My dissertation and first book focus on social constructions of youth in Munich between 1942 and 1973. It traces images or representations of young people, including the delinquent boy (der verwahrloste Junge), rowdies (Halbstarke), and teenagers. I argue that youth is not merely a construction but also a tool of social control. Whereas this emphasis closely follows Michel Foucault’s understanding of the “benefits of illegality” (Discipline and Punish), my analysis also draws on urban history and theoretical concepts like Stanley Cohen’s “moral panics.” An article based on my research appeared in the Journal for the History of Childhood and Youth in spring 2013. My book titled Coming of Age: Constructing and Controlling Youth in Munich, 1942-1973 was published in May 2016, and the introduction is available online; I was also able to discuss it in more detail for the New Books in History podcast. Overall, the book has been received positively – and the paperback version is scheduled for publication in July 2020.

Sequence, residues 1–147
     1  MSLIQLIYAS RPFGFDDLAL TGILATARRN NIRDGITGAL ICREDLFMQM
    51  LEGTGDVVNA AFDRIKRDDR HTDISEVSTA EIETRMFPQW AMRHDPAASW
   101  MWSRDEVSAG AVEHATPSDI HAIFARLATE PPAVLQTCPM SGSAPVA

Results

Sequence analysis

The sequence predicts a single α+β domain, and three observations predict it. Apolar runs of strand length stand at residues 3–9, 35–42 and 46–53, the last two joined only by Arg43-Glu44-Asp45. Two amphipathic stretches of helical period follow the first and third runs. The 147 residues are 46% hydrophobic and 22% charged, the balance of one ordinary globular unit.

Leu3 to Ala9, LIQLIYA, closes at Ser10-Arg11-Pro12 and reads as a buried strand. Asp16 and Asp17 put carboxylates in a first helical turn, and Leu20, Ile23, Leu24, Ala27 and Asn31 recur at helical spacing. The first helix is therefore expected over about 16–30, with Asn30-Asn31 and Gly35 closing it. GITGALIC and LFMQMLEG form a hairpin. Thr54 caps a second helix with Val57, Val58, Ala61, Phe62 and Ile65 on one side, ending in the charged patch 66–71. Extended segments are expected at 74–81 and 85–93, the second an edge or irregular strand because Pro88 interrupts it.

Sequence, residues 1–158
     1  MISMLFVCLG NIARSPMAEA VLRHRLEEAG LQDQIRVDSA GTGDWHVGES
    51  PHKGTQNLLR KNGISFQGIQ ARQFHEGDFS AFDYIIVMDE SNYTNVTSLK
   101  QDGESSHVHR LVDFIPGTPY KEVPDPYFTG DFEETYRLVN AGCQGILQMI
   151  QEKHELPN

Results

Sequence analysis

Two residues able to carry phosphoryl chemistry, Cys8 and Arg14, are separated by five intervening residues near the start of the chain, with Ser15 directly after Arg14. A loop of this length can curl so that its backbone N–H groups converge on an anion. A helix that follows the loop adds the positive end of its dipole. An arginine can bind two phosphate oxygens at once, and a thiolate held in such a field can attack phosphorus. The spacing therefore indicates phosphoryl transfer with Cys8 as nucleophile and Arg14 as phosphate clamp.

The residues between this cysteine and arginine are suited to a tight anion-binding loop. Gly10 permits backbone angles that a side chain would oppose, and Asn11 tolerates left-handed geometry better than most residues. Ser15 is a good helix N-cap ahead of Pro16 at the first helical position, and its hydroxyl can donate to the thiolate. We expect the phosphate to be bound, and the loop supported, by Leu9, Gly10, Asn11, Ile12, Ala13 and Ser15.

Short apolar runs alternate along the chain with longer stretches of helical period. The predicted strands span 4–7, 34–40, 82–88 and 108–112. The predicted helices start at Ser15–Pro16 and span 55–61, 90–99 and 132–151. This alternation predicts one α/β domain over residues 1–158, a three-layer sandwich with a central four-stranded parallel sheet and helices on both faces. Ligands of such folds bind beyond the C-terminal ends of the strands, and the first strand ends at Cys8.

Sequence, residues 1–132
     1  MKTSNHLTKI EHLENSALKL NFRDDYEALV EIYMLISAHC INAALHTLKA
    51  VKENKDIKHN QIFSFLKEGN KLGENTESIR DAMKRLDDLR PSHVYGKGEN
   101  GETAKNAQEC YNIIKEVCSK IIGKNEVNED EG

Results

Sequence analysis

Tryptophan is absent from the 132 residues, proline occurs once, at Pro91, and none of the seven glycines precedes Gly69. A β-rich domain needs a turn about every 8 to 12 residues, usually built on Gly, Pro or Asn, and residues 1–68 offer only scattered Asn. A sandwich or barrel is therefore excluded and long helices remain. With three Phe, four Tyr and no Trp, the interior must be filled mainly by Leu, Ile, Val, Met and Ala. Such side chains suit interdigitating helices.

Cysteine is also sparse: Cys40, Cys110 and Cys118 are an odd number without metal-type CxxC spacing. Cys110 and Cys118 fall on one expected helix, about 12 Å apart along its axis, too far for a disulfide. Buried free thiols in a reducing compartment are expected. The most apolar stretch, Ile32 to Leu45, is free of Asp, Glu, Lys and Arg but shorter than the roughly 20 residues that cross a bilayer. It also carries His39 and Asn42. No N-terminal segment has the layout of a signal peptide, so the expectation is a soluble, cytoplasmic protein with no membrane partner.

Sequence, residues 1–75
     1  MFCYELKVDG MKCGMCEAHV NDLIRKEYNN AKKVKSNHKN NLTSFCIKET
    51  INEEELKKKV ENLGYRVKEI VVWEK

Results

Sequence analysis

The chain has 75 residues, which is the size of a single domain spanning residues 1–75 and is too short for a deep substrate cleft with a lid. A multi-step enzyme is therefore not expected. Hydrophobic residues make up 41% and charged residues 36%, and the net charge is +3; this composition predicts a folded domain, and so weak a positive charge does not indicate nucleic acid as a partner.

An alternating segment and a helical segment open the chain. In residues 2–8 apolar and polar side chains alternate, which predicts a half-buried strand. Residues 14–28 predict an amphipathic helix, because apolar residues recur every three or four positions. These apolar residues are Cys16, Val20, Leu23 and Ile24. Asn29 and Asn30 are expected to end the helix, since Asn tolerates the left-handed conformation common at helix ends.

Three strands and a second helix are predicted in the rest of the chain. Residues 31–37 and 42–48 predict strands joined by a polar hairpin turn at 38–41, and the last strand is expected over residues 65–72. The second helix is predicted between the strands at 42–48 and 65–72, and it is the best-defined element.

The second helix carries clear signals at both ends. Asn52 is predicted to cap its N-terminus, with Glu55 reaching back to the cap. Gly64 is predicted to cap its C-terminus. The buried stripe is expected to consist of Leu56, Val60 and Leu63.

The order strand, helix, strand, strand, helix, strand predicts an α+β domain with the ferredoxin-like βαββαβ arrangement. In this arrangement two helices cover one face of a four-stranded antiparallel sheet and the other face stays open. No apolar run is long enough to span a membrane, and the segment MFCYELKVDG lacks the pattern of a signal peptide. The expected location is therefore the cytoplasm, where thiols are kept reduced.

“This is a strong contribution to the (still under-researched) post-war history of West Germany, one that also provides fresh insights into the histories of European youth and Cold War cultural politics. It transcends traditional markers of German history such as Stunde Null, moving from a ‘generational’ approach to one more rooted in the everyday history of youth.” [Alan McDougall, University of Guelph, backcover]
“….Kalb’s work does a remarkable job of balancing the views of authority figures and young people.” [Choice]
“Kalb’s creativity in examining how youth were designated as lawbreakers, black marketeers, and bohemian rowdies offers a glimpse into larger conversations about postwar society and the return of stability.” [Central European History]
“…and makes for some solid cultural history” [International Social Science Review]